That’s a big question. It’s easy to think that it’s too big for any one of us to handle. But another important lesson the Magnificat teaches is that you are enough. Whoever you are, whatever you have or haven’t done, you are enough. The song of Mary reminds us that all of the scripture points to the little, the lowly, the “who me?” as the vehicle for salvation.
Bethlehem is nothing special. Hannah is a long-suffering, put upon other wife who endures the incessant teasing of the wife who is able to bear children. Elizabeth was also thought to be barren, and endured disgrace because of it.
And Mary is no one. An underage woman from a nowhere town – Nazareth (“what good can come from there?”) – engaged to someone we’re told is from the house of David but that doesn’t really make Joseph all that special; a lot of people were distantly related to David.
All throughout scripture whenever God wants to do something it’s the little, the ordinary, the unexceptional that God uses. When God wants to create God reaches into the mud. When God wants to raise up a king for Israel, God chooses the youngest of many children, the one sent out to watch the flocks. When God wants to redeem all of creation God enters that creation fully and completely as one of the most vulnerable creatures on the planet, a human child.
It is through human beings, through human flesh, the substance that is also the vehicle for all sin in the world. It’s through this fragile and easily broken substance that salvation happens. It is through us that God works. Through us that God is magnified.
In Acts, St. Paul says that “God is that in which we live and move and have our being.” (Acts 17:28) Mary reminds us that we are how God lives and moves and brings about God’s will in the world.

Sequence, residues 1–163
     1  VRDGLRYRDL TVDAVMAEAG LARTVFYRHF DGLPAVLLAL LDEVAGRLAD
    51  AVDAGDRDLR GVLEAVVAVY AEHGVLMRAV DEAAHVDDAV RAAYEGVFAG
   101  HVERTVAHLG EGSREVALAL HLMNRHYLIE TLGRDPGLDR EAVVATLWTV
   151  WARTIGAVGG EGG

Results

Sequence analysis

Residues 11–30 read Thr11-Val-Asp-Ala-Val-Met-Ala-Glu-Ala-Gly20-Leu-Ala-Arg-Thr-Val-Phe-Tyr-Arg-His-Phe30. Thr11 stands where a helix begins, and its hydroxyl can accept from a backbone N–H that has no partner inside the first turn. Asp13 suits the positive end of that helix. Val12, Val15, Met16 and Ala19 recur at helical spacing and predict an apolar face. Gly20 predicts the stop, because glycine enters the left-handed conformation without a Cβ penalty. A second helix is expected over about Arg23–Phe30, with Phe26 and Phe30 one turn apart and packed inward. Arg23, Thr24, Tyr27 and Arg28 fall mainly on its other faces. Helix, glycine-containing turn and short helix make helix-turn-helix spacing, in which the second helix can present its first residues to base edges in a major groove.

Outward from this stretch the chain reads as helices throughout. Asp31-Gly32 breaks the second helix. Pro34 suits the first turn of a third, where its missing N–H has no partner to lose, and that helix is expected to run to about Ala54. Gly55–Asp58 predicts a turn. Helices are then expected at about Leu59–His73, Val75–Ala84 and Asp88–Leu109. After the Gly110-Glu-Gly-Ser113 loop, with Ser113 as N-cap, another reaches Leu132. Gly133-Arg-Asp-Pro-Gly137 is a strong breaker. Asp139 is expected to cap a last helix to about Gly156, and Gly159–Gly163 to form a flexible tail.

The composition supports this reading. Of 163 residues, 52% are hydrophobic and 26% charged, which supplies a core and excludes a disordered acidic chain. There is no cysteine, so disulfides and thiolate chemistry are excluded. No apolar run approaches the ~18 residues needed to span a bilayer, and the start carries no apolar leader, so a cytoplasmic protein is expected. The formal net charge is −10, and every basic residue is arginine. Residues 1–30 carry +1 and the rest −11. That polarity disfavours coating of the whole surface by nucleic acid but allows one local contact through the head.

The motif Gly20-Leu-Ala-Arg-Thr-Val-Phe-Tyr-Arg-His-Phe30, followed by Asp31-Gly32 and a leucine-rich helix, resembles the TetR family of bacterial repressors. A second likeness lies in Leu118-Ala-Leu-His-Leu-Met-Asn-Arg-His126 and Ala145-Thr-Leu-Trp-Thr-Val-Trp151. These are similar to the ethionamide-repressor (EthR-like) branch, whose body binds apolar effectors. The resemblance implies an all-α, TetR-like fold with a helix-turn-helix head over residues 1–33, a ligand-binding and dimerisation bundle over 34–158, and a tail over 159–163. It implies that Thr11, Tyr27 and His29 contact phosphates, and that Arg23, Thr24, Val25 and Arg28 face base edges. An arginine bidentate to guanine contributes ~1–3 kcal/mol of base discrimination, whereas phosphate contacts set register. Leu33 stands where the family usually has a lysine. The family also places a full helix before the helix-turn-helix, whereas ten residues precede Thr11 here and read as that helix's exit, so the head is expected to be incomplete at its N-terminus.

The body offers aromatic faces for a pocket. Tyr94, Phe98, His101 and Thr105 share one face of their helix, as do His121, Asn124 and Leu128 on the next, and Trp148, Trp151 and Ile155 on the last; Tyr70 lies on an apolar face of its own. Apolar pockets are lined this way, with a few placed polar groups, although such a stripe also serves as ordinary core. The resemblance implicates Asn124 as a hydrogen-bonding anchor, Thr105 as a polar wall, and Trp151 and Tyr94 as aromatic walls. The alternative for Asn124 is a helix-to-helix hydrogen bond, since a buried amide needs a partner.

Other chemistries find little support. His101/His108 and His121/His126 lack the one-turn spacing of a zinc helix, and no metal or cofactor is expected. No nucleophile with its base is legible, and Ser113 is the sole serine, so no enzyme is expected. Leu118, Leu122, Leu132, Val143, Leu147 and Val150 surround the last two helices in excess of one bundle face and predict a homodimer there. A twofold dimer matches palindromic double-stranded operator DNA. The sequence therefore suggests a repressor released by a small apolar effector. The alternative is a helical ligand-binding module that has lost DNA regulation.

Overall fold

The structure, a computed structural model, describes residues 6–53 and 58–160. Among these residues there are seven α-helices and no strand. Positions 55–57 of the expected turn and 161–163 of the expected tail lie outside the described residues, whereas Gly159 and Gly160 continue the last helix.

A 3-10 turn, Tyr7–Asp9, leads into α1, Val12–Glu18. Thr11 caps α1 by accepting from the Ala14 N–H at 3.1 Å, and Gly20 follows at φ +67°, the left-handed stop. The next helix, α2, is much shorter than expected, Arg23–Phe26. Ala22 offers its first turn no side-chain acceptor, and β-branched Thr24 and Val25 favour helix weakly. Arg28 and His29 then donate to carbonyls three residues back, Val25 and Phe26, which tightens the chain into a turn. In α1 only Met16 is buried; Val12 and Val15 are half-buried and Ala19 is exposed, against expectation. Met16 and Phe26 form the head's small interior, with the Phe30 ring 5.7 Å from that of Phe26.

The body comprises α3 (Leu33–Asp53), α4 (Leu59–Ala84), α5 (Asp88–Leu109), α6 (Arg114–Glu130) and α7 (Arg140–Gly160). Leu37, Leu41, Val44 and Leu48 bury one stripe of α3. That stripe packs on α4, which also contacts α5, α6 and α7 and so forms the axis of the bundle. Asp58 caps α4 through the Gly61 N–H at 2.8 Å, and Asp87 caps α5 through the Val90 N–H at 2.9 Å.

It is not through magic, but through a human being. Through Mary, and her child Jesus, and with the help of the Holy Spirit through apostles, prophets and martyrs – and even through us – that God transforms God’s dream of shalom into the reality of God’s realm of justice and peace.
And just like Mary and Hannah, though little, we are enough. Each of us is enough to magnify God. Imagine what would happen if we let God work. If we truly made room for God to be born in our hearts. If we let God magnify the good work that God has begun and is already doing in each of us. What if we joined together with others to magnify that work? Imagine the world that would be born from that.
As we prepare to welcome Christ once more into our hearts and our homes, may our souls magnify more and more the glory of God and our hearts exult in the goodness of God, this day and always.
Written by The Rev. Richard Burden, PhD
The Rev. Dr. Richard Burden was called as Rector of All Saints Parish in 2014. Born and raised in Colorado, Richard received a BA in Theatre Arts from Colorado State University, an MA in history from the University of Colorado at Denver and a PhD from the University of Chicago, where he studied Christian conversion in early 20th century China. He began his first career as a bookseller working at the Tattered Cover in Denver, and after a journey through academia he discerned a call to ordained ministry which led him to the Church Divinity School of the Pacific, in Berkeley, CA. Richard was ordained in 2009 and was first called to the Episcopal Diocese of Lexington to serve as Priest in Charge, and also to help develop a groundbreaking program of leadership and congregational development known as The Network for Pastoral Leadership. In 2013, he began to sense God calling him in a new direction, this time to New England. He is a Fellow of the Beatitudes Society. He says, “I went into ordained ministry because I wanted to be a catalyst for individuals and communities to become the people that God needs them to be and to do the work God so urgently needs them to do.” With his spouse Monica, he is also a parent to two school aged children. His recorded sermons are available at allsaintsbrooline.org, you can contact him through the All Saints Brookline Facebook page, twitter @allsaintsbline, and instagram.